Student Agency and Self-Relevance

As for the goals of learning, agency and self-regulation can produce learning experiences and knowledge that a learner perceives to be more “self-relevant”: The perception that learning is relevant and applicable to a student’s lived experience.⁷ For instance, allowing students greater choice in which books they read, allows them to select and focus on topics they find more relevant to their own interests.  When students perceive learning as more self-relevant, they are more likely to transfer and apply that learning to meaningful aspects of their own lives. Personal relevance can also make it easier for students to connect new knowledge to previous experience, allowing them to better situate new learning within their existing knowledge structures. And students who find learning more personally relevant are also more intrinsically motivated to achieve their goals. In terms of metacognitive benefits, allowing for student agency also leads to greater self awareness: Because student agency involves student-directed choices, decision making lends itself to greater self-awareness of one’s own learning processes and preferences, along with the emotions and needs that motivate those choices.The overall result is learning that is more flexible and adaptive because it was conceived in the context of a student’s unique personal needs and aspirations.

The Benefits of Fostering Greater Student Agency in Learning

In short ,the implications and benefits of student agency include increases in the following areas of learning:

  • Greater Motivation: The factors or conditions (either intrinsic or extrinsic) that activate and sustain the behaviors necessary to achieve a goal.
  • Increased Perseverance: The ability to maintain effort and motivation amidst challenges and difficulties in the pursuit of a goal.
  • Increased Perceptions of Self-efficacy: A student’s belief and confidence in their ability to perform the tasks required to achieve a particular goal.
  • Increased Capacity for Self-regulation: In the context of learning, self-regulation refers to one’s ability to independently manage the tasks and behaviors required to achieve academic goals. Self-regulatory abilities include goal setting, self-monitoring, self-instruction, and self-reinforcement. Self-regulation should not be confused with a mental aptitude or an academic performance skill. Instead, self-regulation “is a self-directive process and set of behaviors” whereby learners “transform their mental abilities into task-related skills.”⁸ Self-regulatory behaviors include one’s ability to:
    • Analyze task requirements
    • Plan and set goals
    • Select, adapt or invent strategies to achieve objectives
    • Monitor progress as they work through a task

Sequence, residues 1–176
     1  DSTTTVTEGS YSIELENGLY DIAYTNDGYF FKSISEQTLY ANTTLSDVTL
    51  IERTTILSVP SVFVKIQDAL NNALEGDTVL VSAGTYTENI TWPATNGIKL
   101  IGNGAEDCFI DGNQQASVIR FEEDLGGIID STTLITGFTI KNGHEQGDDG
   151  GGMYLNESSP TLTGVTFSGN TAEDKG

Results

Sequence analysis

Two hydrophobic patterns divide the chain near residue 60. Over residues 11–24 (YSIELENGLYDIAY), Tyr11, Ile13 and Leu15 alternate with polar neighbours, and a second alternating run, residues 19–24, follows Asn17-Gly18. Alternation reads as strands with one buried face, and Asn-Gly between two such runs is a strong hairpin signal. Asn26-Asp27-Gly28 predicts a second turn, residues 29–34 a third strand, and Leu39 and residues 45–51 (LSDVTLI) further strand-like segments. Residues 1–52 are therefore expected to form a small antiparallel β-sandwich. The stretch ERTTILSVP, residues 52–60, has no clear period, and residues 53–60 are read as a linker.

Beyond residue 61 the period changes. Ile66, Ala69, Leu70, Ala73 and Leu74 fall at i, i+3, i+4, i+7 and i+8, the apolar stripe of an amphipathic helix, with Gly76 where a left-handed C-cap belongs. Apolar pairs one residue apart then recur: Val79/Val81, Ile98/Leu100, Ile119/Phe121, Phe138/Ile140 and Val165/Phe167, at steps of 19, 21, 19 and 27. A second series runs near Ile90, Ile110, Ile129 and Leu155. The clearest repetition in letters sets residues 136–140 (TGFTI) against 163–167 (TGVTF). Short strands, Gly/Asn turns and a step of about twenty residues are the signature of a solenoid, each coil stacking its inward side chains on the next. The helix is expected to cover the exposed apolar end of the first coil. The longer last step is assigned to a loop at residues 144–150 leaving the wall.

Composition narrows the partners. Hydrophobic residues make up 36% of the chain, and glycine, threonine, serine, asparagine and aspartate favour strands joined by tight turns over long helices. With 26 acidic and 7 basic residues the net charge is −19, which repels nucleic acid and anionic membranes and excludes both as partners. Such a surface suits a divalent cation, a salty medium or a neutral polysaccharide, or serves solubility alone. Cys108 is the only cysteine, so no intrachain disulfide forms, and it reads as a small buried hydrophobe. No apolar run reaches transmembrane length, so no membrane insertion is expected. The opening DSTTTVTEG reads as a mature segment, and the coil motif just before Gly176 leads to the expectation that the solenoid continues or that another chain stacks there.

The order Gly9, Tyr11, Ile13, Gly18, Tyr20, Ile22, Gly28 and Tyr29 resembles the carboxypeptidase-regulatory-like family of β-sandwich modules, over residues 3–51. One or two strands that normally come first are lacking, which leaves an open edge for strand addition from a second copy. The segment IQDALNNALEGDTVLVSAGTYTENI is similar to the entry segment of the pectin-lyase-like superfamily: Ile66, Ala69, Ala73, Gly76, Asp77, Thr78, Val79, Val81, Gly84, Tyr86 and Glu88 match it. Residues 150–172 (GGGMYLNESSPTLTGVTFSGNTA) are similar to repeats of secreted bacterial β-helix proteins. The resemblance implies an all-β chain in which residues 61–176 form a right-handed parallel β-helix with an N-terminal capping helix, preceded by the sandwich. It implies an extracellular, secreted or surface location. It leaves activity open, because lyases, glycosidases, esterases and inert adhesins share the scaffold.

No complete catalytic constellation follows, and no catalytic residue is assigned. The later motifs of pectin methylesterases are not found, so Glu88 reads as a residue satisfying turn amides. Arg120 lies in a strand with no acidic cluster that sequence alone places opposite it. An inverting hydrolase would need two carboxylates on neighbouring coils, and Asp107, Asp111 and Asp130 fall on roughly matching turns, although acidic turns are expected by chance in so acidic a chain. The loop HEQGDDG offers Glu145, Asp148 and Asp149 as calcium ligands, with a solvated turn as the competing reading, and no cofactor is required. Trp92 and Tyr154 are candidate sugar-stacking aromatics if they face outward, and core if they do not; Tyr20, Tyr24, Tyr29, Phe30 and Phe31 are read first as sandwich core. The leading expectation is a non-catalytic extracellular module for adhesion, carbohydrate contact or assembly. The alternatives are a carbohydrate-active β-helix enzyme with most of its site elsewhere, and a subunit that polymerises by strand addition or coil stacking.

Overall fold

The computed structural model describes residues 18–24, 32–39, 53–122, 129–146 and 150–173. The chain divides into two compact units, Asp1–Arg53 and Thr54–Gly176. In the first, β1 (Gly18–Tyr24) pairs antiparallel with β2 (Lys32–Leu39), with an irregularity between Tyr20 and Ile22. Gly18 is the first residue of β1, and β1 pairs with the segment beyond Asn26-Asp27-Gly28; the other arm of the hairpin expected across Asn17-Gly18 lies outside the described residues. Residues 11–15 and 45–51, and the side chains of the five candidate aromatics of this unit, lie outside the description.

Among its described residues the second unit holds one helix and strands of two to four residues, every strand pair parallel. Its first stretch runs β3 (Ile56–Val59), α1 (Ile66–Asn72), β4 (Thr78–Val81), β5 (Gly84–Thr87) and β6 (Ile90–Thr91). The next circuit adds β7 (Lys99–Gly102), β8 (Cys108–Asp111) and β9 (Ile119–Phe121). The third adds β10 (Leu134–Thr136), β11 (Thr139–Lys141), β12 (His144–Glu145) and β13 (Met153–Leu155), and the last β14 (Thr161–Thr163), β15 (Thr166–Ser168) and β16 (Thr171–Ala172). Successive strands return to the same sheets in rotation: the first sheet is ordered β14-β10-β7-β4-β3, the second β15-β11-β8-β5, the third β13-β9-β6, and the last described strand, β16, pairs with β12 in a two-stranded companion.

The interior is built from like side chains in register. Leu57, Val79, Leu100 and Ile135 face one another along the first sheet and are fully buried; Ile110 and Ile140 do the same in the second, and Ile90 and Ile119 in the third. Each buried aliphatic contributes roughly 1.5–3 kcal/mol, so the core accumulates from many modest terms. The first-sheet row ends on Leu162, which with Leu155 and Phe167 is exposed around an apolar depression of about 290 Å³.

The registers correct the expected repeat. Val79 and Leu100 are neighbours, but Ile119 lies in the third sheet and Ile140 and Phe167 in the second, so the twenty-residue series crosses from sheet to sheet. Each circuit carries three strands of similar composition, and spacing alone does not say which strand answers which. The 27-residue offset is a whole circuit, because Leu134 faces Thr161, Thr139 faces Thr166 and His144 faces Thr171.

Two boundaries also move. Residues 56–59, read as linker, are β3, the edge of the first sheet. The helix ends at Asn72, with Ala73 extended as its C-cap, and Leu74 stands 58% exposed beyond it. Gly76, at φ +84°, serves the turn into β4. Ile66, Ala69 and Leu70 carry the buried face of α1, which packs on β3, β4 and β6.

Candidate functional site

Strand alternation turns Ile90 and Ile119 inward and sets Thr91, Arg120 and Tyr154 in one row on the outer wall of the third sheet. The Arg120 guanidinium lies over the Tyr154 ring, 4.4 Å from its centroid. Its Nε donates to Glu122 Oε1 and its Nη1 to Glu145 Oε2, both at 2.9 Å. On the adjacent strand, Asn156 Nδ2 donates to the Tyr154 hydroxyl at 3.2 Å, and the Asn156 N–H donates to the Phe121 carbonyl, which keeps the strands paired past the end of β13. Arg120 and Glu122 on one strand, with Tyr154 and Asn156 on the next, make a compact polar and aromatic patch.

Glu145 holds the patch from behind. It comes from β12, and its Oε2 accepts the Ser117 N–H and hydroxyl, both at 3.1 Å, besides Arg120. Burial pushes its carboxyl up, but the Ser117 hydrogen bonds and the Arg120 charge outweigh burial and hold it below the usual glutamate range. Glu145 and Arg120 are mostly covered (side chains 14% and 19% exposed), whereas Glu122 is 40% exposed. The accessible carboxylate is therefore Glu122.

• Manage intrusive emotions and waning motivation
    • Adjusting strategies in time to foster success
  • Increases in the Self-relevance of Learning: The perception that learning is relevant to a student’s lived experience. Self-relevance can also make it easier for a learner to situate new learning within existing knowledge structures by making connections to previous experience. When students do not experience learning as relevant to their own lives, it can often appear arbitrary, merely a set of normative standards, skills, concepts, or rules mandated from the top-down as necessary knowledge, untethered to a student’s actual life experiences.
  • Increased Metacognitive Self Awareness: Because student agency involves student-directed choices, decision making lends itself to greater self-awareness of one’s own learning processes and preferences, along with the conditions, emotions, and needs that motivate their choices.
  • Decision-Competence: The ability to make rational decisions about learning, while managing impulsive or emotional choices that can undermine progress toward goals.


¹ Zeiser, Kristina, Carrie Scholz, and Victoria Cirks. "Maximizing Student Agency: Implementing and Measuring Student-Centered Learning Practices." American Institutes for Research (2018)

² Eveliina Stolp, Josephine Moate, Suvi Saarikallio, Eija Pakarinen & MarjaKristiina Lerkkanen (2022): Teacher beliefs about student agency in whole-class playing, Music Education Research

³See, for instance, Hays, S. (1994). Structure and agency and the sticky problem of culture. Sociological Theory, 8, 124-142.

⁴For more on student self perceptions of agency and self-efficacy, see Bandura, A. (1993). Perceived self-efficacy in cognitive development and functioning.  Educational Psychologist, 28, 117-148.

⁵(1982). Self-efficacy mechanism in human agency.  American Psychologist, 37, 122-147

⁶See Bandura, A. (1997). Self-efficacy: The exercise of control. W H Freeman/Times Books/ Henry Holt & Co.

⁷Ford, M. (1992). Motivating humans: Goals, emotions, and personal agency beliefs. Newbury Park, CA: Sage. Wolters, C. (1998). Self-regulated learning and college students’ regulation of motivation. Journal of Educational Psychology, 90, 224–235.

⁸Zimmerman, B. (2001). Theories of self-regulated learning and academic achievement: An overview and analysis. In B. Zimmerman & D. Schunk (Eds.), Self-regulated learning and academic achievement: Theoretical perspectives (2nd ed., pp. 1– 37). Mahwah, NJ: Erlbaum.


A self-proclaimed slacker in his early academic career, Dr. Owen Matson graduated from Buena Park High School in 1992, then worked his way through community college, UCLA, and eventually on to Princeton University, where he earned his Ph.D. in English in 2007.  Drawing on his broad range of experience as a student, Owen became passionate about teaching and digital pedagogy, and before working at Shmoop University, he taught at both secondary and college levels for over 14 years. He is especially proud of Shmoop’s innovative SEL tool Heartbeat® and helping students achieve more academically.